Art review: Saints alive
Not mockery but twisted devotion. Aaron Rosen enjoys Michael Landy's crack-pot saints at the National Gallery
Half the saints were broken. No one knew quite why, when they would be fixed, or even by whom. On hearing the news, some drifted out of line. The majority kept their places, marching ahead in slow procession, believing a solution would be found before it was their appointed time to enter.
When functioning, Michael Landy’s gargantuan, kinetic sculptures of saints groan and creak as they perform their miserable tasks of self-mortification. At the push of a button, they beat, slice, and otherwise mutilate themselves for about ten seconds before grinding to a halt, awaiting the next visitor. With their rummaged parts visibly straining to perform their weighty tasks, the saints reveal themselves not as otherworldly exemplars but rather faulty human fabrications. They do not intervene to save us, it is we who bring them to life. And only briefly.
This allegory of shaken, incapacitated faith is even more pronounced when Landy’s mechanisms misfire. While visitors wait for the saints to stir, museum security guards enthusiastically explain their function, like priests reporting the miraculous properties of dubious relics. In these moments, the saints appear to be nothing more than naked monuments of futility; rusty myths incapable of resurrection.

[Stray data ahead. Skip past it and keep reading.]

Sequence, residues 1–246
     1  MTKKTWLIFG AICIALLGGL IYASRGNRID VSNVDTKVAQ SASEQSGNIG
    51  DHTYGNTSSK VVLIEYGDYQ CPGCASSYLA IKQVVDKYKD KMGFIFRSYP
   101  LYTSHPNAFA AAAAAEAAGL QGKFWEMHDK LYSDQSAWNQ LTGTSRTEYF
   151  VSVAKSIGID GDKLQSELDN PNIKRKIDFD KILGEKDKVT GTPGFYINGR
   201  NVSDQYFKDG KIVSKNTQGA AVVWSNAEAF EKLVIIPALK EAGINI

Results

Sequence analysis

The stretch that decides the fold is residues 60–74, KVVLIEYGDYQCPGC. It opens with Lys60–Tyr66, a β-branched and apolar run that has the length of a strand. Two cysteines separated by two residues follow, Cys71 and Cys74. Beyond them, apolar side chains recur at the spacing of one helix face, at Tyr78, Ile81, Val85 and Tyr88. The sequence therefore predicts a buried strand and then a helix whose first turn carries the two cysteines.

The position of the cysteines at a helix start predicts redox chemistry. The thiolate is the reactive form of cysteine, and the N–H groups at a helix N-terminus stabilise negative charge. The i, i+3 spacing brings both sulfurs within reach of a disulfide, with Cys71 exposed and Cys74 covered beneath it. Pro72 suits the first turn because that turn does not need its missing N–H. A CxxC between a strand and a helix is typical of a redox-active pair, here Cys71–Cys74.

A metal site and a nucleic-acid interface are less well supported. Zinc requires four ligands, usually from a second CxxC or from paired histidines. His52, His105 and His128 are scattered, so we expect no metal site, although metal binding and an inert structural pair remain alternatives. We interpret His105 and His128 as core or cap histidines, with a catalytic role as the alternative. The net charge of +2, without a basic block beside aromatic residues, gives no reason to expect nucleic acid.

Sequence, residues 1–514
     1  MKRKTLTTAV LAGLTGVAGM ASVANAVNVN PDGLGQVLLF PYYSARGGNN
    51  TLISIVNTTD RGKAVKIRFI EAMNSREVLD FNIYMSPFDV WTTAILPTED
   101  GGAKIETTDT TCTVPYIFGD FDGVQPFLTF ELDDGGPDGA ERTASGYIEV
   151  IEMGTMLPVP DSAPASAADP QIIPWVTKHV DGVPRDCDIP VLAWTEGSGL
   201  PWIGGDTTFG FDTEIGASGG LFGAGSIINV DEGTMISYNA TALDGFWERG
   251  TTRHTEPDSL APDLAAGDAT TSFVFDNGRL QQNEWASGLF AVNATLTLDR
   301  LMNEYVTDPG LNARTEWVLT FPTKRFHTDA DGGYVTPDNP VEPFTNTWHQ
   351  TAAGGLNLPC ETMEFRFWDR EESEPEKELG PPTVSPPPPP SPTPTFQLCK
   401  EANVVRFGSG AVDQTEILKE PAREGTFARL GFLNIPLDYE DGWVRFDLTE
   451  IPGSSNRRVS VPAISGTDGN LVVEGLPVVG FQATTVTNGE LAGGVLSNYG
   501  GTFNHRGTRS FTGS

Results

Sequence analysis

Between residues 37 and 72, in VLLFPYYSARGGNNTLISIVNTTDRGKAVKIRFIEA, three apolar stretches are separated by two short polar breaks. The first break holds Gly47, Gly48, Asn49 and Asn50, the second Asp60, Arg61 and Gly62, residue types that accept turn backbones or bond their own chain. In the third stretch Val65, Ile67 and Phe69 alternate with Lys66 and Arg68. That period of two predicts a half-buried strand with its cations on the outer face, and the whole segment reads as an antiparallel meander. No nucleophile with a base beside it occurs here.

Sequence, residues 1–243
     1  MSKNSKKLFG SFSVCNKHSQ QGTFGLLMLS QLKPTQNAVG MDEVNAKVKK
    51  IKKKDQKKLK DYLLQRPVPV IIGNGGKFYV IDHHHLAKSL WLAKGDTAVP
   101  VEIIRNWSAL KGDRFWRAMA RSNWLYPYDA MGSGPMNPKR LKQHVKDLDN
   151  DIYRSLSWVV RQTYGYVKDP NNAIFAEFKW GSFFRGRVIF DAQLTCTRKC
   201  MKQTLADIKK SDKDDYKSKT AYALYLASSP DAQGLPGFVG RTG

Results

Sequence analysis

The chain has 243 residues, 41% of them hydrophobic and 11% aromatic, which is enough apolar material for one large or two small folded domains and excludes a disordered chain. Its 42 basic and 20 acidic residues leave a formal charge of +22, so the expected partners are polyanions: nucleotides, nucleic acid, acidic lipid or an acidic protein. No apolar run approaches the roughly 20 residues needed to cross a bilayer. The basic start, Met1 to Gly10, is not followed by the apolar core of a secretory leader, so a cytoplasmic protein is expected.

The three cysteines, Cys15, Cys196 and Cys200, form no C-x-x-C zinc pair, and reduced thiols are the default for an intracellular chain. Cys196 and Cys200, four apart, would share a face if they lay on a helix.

So are Landy’s sculptures cynical statements of disbelief from an artist who grew up Catholic? At times he seems to deflect the question, finding other ways in which the saints might speak to him. He finds an amusing similarity, for instance, between the self-flagellations of the hermit Saint Jerome and his own studio practice, where he retreats into his “cave” to beat himself up. Ultimately, he confesses, “I’m not a non-believer or a believer. I’m a ‘don’t know’.”
The genius of Landy’s contraptions lies in this deep ambivalence. They won’t convert the unbeliever or rattle the believer. But, working or not, they expose something of the mechanisms of faith: the staggering leap of imagination needed to believe in the deeds and powers of long-dead martyrs, and to re-enter the encompassing religious reality from which their stories spring.
The leap is clearly tempting for Landy. In 2001, in his immensely popular installation Break Down (2001), the artist systematically catalogued and destroyed all of his earthly possessions as audiences watched, literally leaving him with only the clothes on his back. This radical disavowal of property enacted within a world – particularly an art world – besotted with consumption has become an almost hagiographical feature of the artist’s biography. At the time, some critics compared his performance to St Francis’s rejection of his family fortune for a life of privation, a story Landy knew from childhood.
In Saints Alive, Landy explicitly returns to the devotions of St Francis, albeit with a cheeky twist. A mechanical claw dips into a giant, headless sculpture of the saint and fishes out T-shirts for the audience, each emblazoned with the Franciscan vows of poverty, chastity and obedience. To some, this may look like simple mockery. But there is a profound and sensitive truth here. If the saints really are alive today, they must learn to work their miracles amidst the ironic, commercial and mundane. Whether they succeed or not, Landy gives them a chance.
Michael Landy: Saints Alive is at the National Gallery, London, until 24 November